Colours are marvellous, with lush greens, vibrant reds and blues and the wooden décor of the hotel suites suitably opulent and rich. Blood, what little of it there is, is nice and dark and skin tones are typically healthy. My check disc tended to err on the pinkish side of facial tones, but this seemed in-keeping with the general aesthetic.
Edges were, for the most part, nicely reined-in, although there were instances when some appeared to have been given a slight nudge of enhancement - heads and shoulders, primarily, and the killer's unexplainably annoying baseball cap. I wasn't distracted by any noise, blocking or smearing taking place, but there did appear to be occasions when some detail was lost amid the quite heavy blacks. Contrast is very good and shadow-play - be it internal in the hotel suites or in Donna's house, or outside in Nash's cop-car or the front of the Pacific Grand whilst confusion reigns as people search for friends - is always interesting.
Certain shots such as long views down hotel corridors or sweeping zooms up to a character possess a degree of three-dimensionality, but, on the whole, Prom Night doesn't really look all that alive in the way that many new films in 1080p do. This may have something to do with the rather flat style that McCormack tends to shoot a lot of the film in, though. Facial detail is pretty decent across the board, although hair is not quite as well delineated as I had expected. Still, if you are a fan of the film, I seriously doubt that you would find anything to complain about with this transfer.
What we get is a Dolby TrueHD 5.1 track that very nicely embraces all of the channels, beefs ups the bass and provides some decent steerage to help keep us on our toes. And, believe me, this film needs all the help it can get as far as that goes. But, effects-wise, you won't find this track wanting. We get plenty of activity across the front, with a wide stereo spread that allows the hubbub of the party to flow with voices, music and all-round crowd noise bubbling through. Stingers crash through the soundscape, from musical jabs to jolting combinations of effects and music. Fenton's sudden appearances are aggressively handled with either rear support or nice directional charge across the front. The sound of the elevator grinding down the shaft or its doors pinging open is realistic and well-pronounced during moments of supposed high tension. A quite remarkable fluttering of birds fills the environment for one, admittedly, unexpected treat. And the fire alarm, with a voice as well as a Nostromo-esque electronic clamour, can come across with an authentically all-embracing cadence. The gunshots and harsh stabbings are pretty guttural too and, of course, the music of the prom can be fairly loud and pushed around the set-up to ensure that you feel as though you are there, at that strangely un-packed do.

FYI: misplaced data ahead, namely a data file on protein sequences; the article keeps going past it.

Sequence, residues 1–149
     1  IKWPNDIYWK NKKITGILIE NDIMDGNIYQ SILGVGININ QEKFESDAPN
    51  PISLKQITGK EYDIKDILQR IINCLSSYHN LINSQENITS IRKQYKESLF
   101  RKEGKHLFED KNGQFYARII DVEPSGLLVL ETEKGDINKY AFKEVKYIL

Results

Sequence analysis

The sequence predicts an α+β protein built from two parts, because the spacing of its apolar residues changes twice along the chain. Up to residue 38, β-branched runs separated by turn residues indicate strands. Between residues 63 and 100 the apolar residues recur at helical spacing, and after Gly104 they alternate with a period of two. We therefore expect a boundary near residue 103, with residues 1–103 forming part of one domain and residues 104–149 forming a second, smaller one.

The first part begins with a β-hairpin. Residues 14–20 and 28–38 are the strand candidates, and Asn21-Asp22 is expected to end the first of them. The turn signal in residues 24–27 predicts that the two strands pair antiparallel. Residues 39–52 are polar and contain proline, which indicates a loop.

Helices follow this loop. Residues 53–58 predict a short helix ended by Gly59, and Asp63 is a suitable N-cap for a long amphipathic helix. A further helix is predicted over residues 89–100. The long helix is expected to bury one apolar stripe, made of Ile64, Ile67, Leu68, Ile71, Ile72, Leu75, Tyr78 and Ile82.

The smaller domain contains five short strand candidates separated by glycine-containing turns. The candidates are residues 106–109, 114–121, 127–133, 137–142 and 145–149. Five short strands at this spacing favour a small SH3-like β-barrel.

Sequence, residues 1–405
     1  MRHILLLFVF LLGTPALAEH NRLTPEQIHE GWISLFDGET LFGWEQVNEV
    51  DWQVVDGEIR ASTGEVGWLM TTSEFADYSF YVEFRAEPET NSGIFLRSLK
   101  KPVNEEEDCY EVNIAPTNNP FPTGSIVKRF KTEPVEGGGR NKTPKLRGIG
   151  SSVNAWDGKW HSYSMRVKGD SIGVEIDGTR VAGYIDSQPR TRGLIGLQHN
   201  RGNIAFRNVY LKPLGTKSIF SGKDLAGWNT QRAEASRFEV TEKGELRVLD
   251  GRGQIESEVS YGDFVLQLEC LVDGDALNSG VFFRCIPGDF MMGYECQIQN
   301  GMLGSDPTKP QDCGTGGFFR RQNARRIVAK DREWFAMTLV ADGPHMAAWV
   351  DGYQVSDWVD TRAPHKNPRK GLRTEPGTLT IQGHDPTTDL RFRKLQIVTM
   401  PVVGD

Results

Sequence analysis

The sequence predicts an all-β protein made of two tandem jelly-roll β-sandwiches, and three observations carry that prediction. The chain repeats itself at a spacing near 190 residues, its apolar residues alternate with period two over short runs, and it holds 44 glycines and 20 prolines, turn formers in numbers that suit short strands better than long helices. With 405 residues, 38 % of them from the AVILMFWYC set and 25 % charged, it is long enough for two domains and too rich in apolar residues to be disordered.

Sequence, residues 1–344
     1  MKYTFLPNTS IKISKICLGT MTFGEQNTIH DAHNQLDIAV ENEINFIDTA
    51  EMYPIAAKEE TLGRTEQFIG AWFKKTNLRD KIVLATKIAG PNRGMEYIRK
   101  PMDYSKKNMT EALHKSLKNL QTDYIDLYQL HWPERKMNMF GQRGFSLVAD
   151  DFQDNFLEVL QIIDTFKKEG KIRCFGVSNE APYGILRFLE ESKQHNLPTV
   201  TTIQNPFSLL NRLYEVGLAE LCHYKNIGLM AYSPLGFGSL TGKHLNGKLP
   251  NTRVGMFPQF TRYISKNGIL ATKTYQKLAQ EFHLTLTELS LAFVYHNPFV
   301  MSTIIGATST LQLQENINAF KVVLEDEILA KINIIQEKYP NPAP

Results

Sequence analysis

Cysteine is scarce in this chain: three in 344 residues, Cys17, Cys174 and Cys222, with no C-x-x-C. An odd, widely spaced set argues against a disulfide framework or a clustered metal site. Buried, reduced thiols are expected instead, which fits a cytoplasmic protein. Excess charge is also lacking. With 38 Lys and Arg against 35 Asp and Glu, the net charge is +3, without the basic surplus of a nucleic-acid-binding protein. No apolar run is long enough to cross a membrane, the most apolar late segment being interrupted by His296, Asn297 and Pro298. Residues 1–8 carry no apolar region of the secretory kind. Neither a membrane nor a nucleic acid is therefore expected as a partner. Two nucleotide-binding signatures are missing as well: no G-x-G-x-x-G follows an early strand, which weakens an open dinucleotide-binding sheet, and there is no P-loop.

Other moments of the soundtrack, such as the opening song, sound too “produced” and drown out other elements. But this is almost certainly intentional and not an error with the audio transfer. To be fair, the TrueHD does a fine job of putting some kind of life into the film, so there is nothing to complain about here.
We get a commentary track from director McCormack, who is definitely under the impression that he has made something a little different from the norm, his leading lady, the incredibly annoying Brittany Snow and her violent paramour, himself, Jonathon Schaech. Now, I'll be honest, I didn't make it all the way through this sycophantic, back-slap-a-thon, I just dipped into various bits. Seemingly quite scene-specific, the three cajole and banter with giddy enthusiasm. For Snow, everything is “cute” and “cool” and her damn voice makes the teeth itch! For Schaech, everything was fun and exciting and he tries to make funnies at a few opportunities that only make you realise that he knows this is a clunker, but is contractually obliged to sit in on the communal chat. For McCormack, everything went incredibly well - what a cast, what a crew - and he revels in the apparent suspense that he created. Bad track, people. Bad track.